State-of-the-art equipment and facilities are essential for any contract manufacturer, but a key piece of the puzzle is project management. OsoBio has implemented an operational excellence strategy that includes the use of lean and six sigma green and black belts throughout their organization to eliminate problems and ensure the highest quality product. This approach has manifested itself in the company’s approach to project management. “We assign a project manager to the each client and they stay with that client,” says Boyer. “The project manager oversees a team here that covers all areas of the project: timelines, budgets, scope, regulatory strategy, purchasing equipment, etc. Those teams meet with the client on a weekly basis until the product is commercialized. Clients appreciate our lean/six sigma programs. It can be a differentiator between us and other companies.”
According to Boyer, quality is the most important defining issue when potential clients are looking at the company. “Companies want to know what your quality record is. They want to know if there any issues that could cause a hold up.”
With quality systems and programs in place, OsoBio has added another wrinkle to its operations that truly set it apart from other CMOs – Sterile University.
Sterile University is a new employee training program the company set up a few years ago to increase quality and drive down costs.
Inside Sterile University OsoBio has set up fully functioning equipment such as a filler and a lyophilizer to enable new employees to get hands-on experience working with the equipment before they go into the sterile “core” of the manufacturing areas.
The filler in the training area was once on the plant floor and can be set-up, broken down and - using colored water as the fill medium - provide specific hands on training without exposing the sterile core to untrained operators. New employees are taught all the features of the fillers and work with all of the components that go into vial manufacturing.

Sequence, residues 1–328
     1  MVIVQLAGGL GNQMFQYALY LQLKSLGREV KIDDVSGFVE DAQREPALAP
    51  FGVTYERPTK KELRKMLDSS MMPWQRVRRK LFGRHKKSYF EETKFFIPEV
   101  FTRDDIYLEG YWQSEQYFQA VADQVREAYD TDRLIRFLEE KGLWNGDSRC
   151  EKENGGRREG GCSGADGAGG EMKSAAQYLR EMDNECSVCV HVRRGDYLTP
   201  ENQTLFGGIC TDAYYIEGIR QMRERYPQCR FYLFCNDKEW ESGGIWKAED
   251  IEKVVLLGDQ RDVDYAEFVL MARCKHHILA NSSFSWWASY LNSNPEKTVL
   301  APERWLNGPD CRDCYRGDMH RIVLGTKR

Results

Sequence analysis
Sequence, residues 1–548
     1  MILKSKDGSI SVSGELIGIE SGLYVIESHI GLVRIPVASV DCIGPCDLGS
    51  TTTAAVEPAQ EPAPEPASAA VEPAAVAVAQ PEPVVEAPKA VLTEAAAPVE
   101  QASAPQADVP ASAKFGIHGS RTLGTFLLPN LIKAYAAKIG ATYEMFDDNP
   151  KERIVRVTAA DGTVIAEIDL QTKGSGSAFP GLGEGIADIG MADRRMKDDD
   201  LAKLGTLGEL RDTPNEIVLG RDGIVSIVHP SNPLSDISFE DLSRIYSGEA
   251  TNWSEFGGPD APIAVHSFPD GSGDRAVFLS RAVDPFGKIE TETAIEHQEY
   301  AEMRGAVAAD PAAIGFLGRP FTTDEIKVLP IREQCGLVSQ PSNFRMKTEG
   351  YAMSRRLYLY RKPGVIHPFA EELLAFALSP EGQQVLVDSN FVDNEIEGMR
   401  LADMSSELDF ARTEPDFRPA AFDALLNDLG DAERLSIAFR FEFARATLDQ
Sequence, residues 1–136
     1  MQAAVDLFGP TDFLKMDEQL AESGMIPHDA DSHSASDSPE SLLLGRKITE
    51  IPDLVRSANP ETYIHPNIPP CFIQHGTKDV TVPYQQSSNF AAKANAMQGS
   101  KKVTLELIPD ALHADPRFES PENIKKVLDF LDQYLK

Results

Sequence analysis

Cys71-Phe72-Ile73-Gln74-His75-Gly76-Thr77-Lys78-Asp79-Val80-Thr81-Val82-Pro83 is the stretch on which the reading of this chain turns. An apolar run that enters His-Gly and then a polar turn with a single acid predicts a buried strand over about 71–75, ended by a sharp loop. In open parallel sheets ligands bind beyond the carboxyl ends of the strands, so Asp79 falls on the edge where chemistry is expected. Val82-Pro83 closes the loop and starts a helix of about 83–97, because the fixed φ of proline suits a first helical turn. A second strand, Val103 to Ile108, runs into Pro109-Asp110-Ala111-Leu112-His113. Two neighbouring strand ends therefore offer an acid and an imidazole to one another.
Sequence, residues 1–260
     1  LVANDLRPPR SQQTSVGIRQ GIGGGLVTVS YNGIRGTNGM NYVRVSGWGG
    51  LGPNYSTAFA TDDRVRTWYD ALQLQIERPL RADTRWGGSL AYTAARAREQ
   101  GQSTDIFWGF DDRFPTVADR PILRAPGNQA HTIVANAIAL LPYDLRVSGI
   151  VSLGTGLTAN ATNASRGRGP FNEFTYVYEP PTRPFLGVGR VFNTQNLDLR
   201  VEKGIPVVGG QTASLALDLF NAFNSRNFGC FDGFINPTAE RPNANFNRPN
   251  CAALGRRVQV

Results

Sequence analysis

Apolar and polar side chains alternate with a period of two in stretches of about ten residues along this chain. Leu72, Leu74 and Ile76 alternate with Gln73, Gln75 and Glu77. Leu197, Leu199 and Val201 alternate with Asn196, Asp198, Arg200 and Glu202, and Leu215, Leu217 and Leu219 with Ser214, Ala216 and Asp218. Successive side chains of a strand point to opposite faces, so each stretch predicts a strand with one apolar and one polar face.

Over at the training lyophilizer, employees learn the ins and outs of traying, using thermocouples and how to load and unload trays.
Employees are also taught how to sanitize floors and walls. A compounding training room is also available for working with formulations, filling tanks, etc. In addition, a wash/prep area is used to train employees how to put pumps and reservoirs together, how to load stoppers, palletizing operations, labeling, and other functions.
Perhaps the most important training done in Sterile University is proper gowning procedures. In this area of Sterile University operators are taught the difference between black, gray and white areas; and the very specific gowning order to ensure sterility.
Boyer explains the value of Sterile University to the company, “If we put an untrained person in the “core” – we would have to do a media fill because that would be considered a “new” event. A media fill is necessary because we need to find out if any “bugs” might grow. By training people we have to do fewer media fills to prove sterility. Media fills are expensive because the equipment is running but we are not producing product. If we can reduce the need for media fills with better training it is of immense benefit to us.” Boyer also points out that better trained operators produce higher quality product - a boon to OsoBio’s customers.
With its facilities in Abluquerque, OsoBio has created an injectables manufacturer that has specialized expertise and experience to handle the most unique and complex projects. As for the future of the company Boyer says "OsoBio is building an injectable drug contract manufacturing organization that distinguishes itself with world-class customer care, project management and regulatory compliance. By continuing to develop strategic customer relationships and to increase OsoBio's visibility within our industry, I am confident we will achieve the ambitious goals we've set for ourselves."